Winds of change

The " soft landing " scenario is confirmed...

Our allocation strategy for the second half of the year is based on an economic environment that remains favorable for equities, and is improving for bonds.

We anticipate a slowdown in US activity, in line with a " soft landing " scenario (activity decelerating below 2 % annualized from the second half of 2024), a very gradual economic recovery in Europe, and still robust growth in Asia. Global economic growth is expected to be around 3.5%[1] annualized. At the same time, disinflation should continue, with core CPI around 3 % at the end of the year in the United States[2]. This context is positive overall for equities and bonds.

 

... and is one of the best possible backdrops for action.

While investors' expectations of earnings growth over the next 12 months seem credible for the USA (around 10 %), Europe (5 %) and Japan (6 %)[3], there is greater uncertainty for emerging countries : earnings per share growth is currently expected at 16 %, after downward revisions in 2022 and 2023.

Following the strong performance of equities in the first half of the year, valuations remain reasonable overall : P/E for the next 12 months is below 14[4] in Europe, around 12 in emerging countries, and 15.5 in Japan, in line with 20-year historical averages. Only the United States has a P/E above its long-term average, above 20 - a high level linked to the growing weight of the technology sector and the " Megacaps "[5]. The free cash flow/sales ratio, which takes into account the substantial cash flow generated by these companies, nevertheless indicates valuations in line with the historical average of the last 30 years, and below the level of the TMT bubble of the early 2000s[6].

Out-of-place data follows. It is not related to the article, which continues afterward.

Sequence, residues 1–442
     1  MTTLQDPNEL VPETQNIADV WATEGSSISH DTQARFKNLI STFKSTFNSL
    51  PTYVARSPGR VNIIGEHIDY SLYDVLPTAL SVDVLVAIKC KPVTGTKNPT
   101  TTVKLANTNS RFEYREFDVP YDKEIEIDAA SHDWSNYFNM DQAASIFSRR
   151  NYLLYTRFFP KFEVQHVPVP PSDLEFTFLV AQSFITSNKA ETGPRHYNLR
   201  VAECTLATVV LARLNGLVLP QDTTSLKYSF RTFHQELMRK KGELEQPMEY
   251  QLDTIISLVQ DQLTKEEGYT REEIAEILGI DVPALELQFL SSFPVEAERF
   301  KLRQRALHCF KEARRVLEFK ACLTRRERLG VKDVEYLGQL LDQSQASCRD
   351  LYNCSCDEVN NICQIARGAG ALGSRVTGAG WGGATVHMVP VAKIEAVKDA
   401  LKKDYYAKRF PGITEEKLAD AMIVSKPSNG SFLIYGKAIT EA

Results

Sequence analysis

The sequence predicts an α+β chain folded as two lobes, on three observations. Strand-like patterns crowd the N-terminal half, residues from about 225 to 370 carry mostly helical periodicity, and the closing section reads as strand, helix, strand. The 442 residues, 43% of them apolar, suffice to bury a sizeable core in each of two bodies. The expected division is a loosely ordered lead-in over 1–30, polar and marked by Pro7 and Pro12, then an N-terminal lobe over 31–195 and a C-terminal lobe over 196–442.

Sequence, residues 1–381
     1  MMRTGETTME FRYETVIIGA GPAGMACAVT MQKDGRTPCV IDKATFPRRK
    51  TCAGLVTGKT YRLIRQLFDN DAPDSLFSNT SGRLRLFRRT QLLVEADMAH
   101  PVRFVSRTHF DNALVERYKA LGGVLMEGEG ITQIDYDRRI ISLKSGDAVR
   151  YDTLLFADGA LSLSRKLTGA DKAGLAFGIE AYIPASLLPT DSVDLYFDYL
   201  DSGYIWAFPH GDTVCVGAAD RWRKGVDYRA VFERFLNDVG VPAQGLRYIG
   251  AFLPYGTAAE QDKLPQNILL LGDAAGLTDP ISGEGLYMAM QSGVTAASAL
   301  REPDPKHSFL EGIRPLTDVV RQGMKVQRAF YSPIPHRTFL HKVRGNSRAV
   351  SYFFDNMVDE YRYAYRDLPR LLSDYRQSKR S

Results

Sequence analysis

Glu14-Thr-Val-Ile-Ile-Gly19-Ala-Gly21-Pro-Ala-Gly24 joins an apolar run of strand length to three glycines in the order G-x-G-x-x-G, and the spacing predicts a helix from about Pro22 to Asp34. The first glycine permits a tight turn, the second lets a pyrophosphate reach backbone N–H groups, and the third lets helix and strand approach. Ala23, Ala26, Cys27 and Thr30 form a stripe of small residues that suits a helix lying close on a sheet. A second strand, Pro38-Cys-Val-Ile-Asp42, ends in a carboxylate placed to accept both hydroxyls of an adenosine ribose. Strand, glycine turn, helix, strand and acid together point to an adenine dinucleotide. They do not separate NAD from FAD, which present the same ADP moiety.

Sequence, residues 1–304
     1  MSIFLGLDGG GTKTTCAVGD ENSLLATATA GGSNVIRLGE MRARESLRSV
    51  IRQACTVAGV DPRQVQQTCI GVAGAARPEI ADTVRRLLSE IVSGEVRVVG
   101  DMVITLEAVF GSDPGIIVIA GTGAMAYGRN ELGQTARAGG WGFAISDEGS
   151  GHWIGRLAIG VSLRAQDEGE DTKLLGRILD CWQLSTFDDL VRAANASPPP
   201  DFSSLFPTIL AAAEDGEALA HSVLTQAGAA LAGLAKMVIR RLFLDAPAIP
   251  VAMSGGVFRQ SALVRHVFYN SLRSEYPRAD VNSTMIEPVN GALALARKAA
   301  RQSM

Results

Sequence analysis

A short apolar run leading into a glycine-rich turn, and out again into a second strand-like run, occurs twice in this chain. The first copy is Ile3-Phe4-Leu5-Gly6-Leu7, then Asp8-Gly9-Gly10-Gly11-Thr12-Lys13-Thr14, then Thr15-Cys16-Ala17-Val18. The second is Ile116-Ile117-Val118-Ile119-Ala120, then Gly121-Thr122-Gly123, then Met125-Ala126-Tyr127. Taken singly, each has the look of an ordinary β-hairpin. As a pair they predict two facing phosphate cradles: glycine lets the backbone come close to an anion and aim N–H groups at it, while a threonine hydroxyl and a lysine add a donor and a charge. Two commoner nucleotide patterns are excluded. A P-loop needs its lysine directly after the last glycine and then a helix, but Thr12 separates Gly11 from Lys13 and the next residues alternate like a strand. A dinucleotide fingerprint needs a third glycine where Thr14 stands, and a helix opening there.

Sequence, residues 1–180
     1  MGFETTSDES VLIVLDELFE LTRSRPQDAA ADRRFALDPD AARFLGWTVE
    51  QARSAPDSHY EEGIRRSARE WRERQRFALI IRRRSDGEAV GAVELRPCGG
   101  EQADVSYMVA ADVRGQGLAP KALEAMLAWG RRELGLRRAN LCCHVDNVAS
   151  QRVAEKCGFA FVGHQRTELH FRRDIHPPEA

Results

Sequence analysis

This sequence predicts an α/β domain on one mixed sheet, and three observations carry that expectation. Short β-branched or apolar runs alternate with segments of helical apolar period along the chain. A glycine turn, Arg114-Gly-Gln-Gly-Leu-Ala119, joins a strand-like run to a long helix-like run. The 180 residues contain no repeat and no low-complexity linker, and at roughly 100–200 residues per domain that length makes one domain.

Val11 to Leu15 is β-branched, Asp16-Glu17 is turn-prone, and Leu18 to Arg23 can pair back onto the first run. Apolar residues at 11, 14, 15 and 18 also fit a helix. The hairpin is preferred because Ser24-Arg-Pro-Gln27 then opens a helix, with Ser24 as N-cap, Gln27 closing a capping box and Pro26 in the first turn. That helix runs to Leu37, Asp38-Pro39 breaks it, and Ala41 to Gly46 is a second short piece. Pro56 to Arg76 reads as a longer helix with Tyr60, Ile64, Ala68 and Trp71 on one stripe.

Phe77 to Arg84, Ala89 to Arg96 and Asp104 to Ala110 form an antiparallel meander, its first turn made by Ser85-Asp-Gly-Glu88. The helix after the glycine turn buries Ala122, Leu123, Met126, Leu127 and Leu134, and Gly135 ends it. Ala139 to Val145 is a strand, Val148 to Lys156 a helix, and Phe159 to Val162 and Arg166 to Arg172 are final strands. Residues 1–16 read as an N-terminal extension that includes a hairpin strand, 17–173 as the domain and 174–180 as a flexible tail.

Equity valuations should also benefit from the start of the central bank rate-cutting cycle. Historically, the Fed's first rate cut is followed in 80% of cases by a positive performance by US markets[7].

In addition, the start of the rate-cutting cycle by the major central banks should redirect investors' allocations towards longer-term assets. After eighteen months of inflows, money market funds are set to lose ground to longer-duration bonds and equities. Investors seem to be rebuilding a stronger exposure to equities after the shock of 2022.

 

Towards wider participation in the growth of profits ?

In the US market, we remain positive on the technology sector, which should continue to enjoy strong earnings and cash flow growth. After 4 quarters of dominance by the magnificent 7 (over 40 % increase in earnings, largely driven by Nvidia[8]), the other 493 S&P500 companies are forecast to deliver positive earnings growth and close the gap with the Megacaps. In this hypothesis, the rise in financial markets would be healthier, as it would be driven by the positive performance of a greater number of stocks.

 

Past performance is not a reliable indicator of future performances. Markets could develop very differently in the future.